I started this blog in 2011 and as you do at this time of year, I’ve been looking back through the postings to see what I seem to be writing about. The blog is meant to be about property litigation, and to no real surprise I have written quite a lot about that. However, I do keep coming back to a different topic, and this is another piece of that sort.
The topic is the actual way in which people can use their legal rights and the legal system that supports them.
As a practical lawyer I know that for people to have useful legal rights they need a lot more than just having the rights themselves. They need to know about them, be able to get advice, and have practical, and affordable ways of enforcing them. I have written about the need for all businesses to know some basic law in Law and Business and about some of the other requirements for a practical legal system in Having Rights is Not Enough, and pointed out why Mediation is not the answer, but this time I want to look at things from another angle. I touched on it in Tell Me what You Want, but I’ve developed it further here.
A lot has been made of the changes in legal procedure and practice over recent years. Some people say that it is a long-needed simplification, and the cutting of miles of unnecessary red tape, that will result in much quicker, easier and cheaper justice for all. Others say that it is the destruction of hundreds of years of justice and a legal profession solely for the advantage of big business, the government and other prowerful players in the field. The argument has raised a lot of heat, but not cast a lot of light, and I’m not going to tackle things in such a broad brush way. Because there was something to be said for both sides.
The practical effect however has changed the legal landscape, and like the earth after the asteroid, it is no longer a place for dinosaurs. This piece is aimed at lawyers who want to survive.
The Sheep, Goats and Dinosaurs
In the new reality you can divide the survivors into two sorts: the sheep and the goats.
The Sheep are major companies, the Government and its quangos, and High Net Worth Individuals, engaged in disputes with other Sheep, and the large firms of lawyers they use, based in the major cities.They deal with the High Court, and the Court of Appeal, and apart from some increase in cost, and some decrease in the time taken by the Courts to deal with things, they will have noticed very little change.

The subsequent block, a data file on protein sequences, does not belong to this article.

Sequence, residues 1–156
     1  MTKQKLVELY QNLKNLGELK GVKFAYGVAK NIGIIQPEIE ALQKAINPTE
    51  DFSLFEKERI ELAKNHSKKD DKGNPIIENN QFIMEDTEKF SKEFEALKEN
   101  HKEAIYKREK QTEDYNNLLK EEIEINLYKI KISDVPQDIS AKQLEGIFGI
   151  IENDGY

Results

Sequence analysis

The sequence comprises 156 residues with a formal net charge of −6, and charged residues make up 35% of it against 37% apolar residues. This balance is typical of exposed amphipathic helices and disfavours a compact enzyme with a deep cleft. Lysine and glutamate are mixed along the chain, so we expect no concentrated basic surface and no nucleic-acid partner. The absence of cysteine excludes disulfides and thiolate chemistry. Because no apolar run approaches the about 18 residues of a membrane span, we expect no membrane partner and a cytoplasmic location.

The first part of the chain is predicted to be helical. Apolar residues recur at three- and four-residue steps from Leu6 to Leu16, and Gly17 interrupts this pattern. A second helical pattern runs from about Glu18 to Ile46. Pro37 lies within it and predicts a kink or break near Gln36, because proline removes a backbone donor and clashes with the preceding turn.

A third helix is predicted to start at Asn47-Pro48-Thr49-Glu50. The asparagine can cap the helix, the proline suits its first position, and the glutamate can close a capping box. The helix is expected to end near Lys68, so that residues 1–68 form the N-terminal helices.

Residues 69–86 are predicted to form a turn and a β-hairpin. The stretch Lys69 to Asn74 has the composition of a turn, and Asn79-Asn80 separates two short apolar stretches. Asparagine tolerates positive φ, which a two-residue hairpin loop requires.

The Goats are smaller businesses, clubs and associations, and the rest of the population. They have disputes with other Goats, and also from time to time with Sheep. They also use Goats – smaller specialised lawyers and other agencies who adapt rapidly to change. They generally deal the County Court and District Registries, and have noticed very significant increases in cost and in the time taken to deal with their cases, and a large reduction in the resourses available for their use. So they have to be canny and resourceful and will be the heroes of this article.
The Dinosaurs used to be either Sheep or Goats, or their lawyers. They didn’t notice the change in the legal environment until too late, if at all, and so are either trying to carry on as if nothing had changed, with disasterous consequences, or have given up any significant use of the court system, and try to deal with things in other ways. The lawyers have gone out of business.
How to be a lawyer for Goats
In the new world there are many new rules:
- Be light on your feet – be ready to adapt to changes quickly. Just because you always did something one way doesn’t mean that it’s the best way now.
- Keep up to date – there are frequent changes in the law and the CPR and in the court decisions that follow them. You have to be ahead of the crowd to win.
- Winning matters – this is why your clients come to you.
- Keep an open mind – there are lots of different was of doing things. If one way doesn’t work there are many others.
- Payment by the hour is on the way out. Clients much prefer payment by stages (eg up to issue) or by results. You have to adapt.
- You’ve got to know the shortcuts. Nobody wants to go all the way to trial. Know how to get summary judgment or default judgment, or the Defence struck out. Or more usually, a good offer.
- Specialise. You can’t know everything well enought to be really good at it. And being really good matters.
- Get it right first time. You can’t afford to do things twice.
- Don’t carry passengers. You need a few experts plus a flexible team to draw on when you need them.
- Be small. You may grow into a Sheep with guaranteed multiple repeat businesses. But until then you can’t afford to be bigger than you have to be.
- Make friends. This is the key to being a small business. There are lots of people out there who want to help you and you only need to pay them when you need them. And sometimes not even then. A smile may be worth hundreds.
- And remember you’re a lawyer. You don’t run the client’s business or life. That’s their concern. But you’re liable to lots of extra obligations as a lawyer. And being one will pay the rent next year, when this client has moved on.
I’m not telling you everything. I need to make a living too. As I said, I’m a practical lawyer. But this is the new reality. And if you ignore it you are likely to go the same way as the dinosaurs. Which is not a good idea, on the whole.
A Happy New Year to you all.